Urban Cinefile
"I knew that this experience was not going to come around again"  -Jonathan Pryce on his role in Evita
 The World of Film in Australia - on the Internet Updated Thursday July 19, 2018 

Printable page PRINTABLE PAGE



Good hearted boy Charlie Bucket (Freddie Highmore) lives with his poverty stricken parents, and their parents, in a shack in the shadow of the tantalizing and gi-normous Wonka Chocolate Factory, where his grandpa Joe (David Kelly) once worked. But the factory has had no staff for 15 years and the secretive, eccentric chocolatier Willy Wonka (Johnny Depp) has not been seen. Now, however, he proclaims that five gold tickets have been included at random in the millions of chocolate bars sold around the world. The five lucky finders will be invited for a full day tour through the amazing chocolate factory, its many secrets revealed, guided by Willy Wonka himself. Charlie desperately wants to see inside the magic castle of his chocolate dreams, but his only chance seems to ride on the one chocolate bar he gets for his birthday.

Review by Louise Keller:
Like a confectionery version of The Land of Oz, Willie Wonka's chocolate factory offers a fantasy-land of delicious delectables on which one could dream-out. A river of thickly flowing chocolate whose consistency is made just right by the gushing waterfall, a lolly-pink sugar-cane boat shaped like a seahorse manned by midget Oompa-Loompas, a black and white cow that produces cream by whipping.... Welcome to the magical land of Roald Dahl, courtesy Tim Burton.

Visually scrumptious and peppered with liberal doses of humour, Charlie and the Chocolate Factory is a magical wonderland for all. It's a sparkling fantasy bursting with quirky ideas and wondrous notions. It's no surprise that Johnny Depp makes a full meal of his role as the eccentric Willie Wonka, whose obsession with chocolate began as a youngster when his overly strict dentist father (Christopher Lee) forbade him to eat candy. The result is a set of perfect white teeth of course, and parental paranoia. Young Freddie Highmore excels as everyboy Charlie, who has no claim to fame except that he is a really nice kid who loves his family. Of course, the importance of family is the moral of the story, and some warning bells toll for parents who allow the monster to peek from their little darling through misguided parenting.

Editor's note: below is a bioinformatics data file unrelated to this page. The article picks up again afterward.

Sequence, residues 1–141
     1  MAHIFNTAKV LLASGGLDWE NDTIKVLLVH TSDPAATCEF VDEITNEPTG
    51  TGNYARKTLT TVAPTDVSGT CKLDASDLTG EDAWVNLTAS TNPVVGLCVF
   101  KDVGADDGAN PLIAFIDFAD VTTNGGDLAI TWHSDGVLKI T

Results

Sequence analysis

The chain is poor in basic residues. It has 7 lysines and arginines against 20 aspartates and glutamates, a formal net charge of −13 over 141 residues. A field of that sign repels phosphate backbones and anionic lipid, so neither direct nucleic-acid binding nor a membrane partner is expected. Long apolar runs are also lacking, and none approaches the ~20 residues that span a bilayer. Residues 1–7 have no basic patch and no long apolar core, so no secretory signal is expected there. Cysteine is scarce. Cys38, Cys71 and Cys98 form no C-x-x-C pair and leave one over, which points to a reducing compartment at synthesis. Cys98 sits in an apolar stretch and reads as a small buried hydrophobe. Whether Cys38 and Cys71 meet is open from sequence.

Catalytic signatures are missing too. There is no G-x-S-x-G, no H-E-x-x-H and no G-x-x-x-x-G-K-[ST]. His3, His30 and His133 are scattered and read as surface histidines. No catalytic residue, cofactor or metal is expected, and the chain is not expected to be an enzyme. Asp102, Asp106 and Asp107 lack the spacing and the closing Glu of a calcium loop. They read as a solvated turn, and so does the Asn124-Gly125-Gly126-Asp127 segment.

There's much about the film that is remarkable, not the least being that Deep Roy plays 20 roles as the midget Oompas, who break out in song in choreographed routines. The teeniest little door ('to keep the chocolate flavour inside') leads us into Willie Wonka's world with its lush colours and stark stylised designs. The look of the film is sheer Burton-esque. Starting with Charlie's crooked house, where his parents (Helena Bonham Carter, Noah Taylor) and Grandparents live, it's bright and colourful with a myriad of Burton-esque concepts.

There are more sweet things on the two-disc Deluxe DVD with five making-of featurettes, menu challenges and limited edition trading cards. We meet the actors, go behind the scenes, see how the special effects were created and even see how the squirrels were trained to perform.

Published January 19, 2006

Email this article

(US, 2005)

CAST: Johnny Depp, Freddie Highmore, Helena Bonham Carter, Noah Taylor, David Kelly, Missie Pyle, James Fox, Deep Roy, Christopher Lee, Adam Godley, Franziska Troegner, Annasophia Robb, Julia Winter, Jordan Fry, Philip Wiegratz, Blair Dunlop, Liz Smith, Eileen Essell, David Morris

PRODUCER: Brad Greyu, Richard D. Zanuck

DIRECTOR: Tim Burton

SCRIPT: John August (novel by Roald Dahl)

CINEMATOGRAPHER: Phillippe Rousselot

EDITOR: Chris Lebenzon

MUSIC: Danny Elfman


RUNNING TIME: 115 minutes


AUSTRALIAN RELEASE: September 1, 2005


SPECIAL FEATURES: Making of Featurettes - chocolate dreams; different faces, different flavours, designer chocolate, under the wrapper, sweet sounds, Oompa-Loompa dance, The Inventing Machine, The Bad Nut

DVD DISTRIBUTOR: Roadshow Entertainment

DVD RELEASE: January 19, 2006

Urban Cinefile 1997 - 2018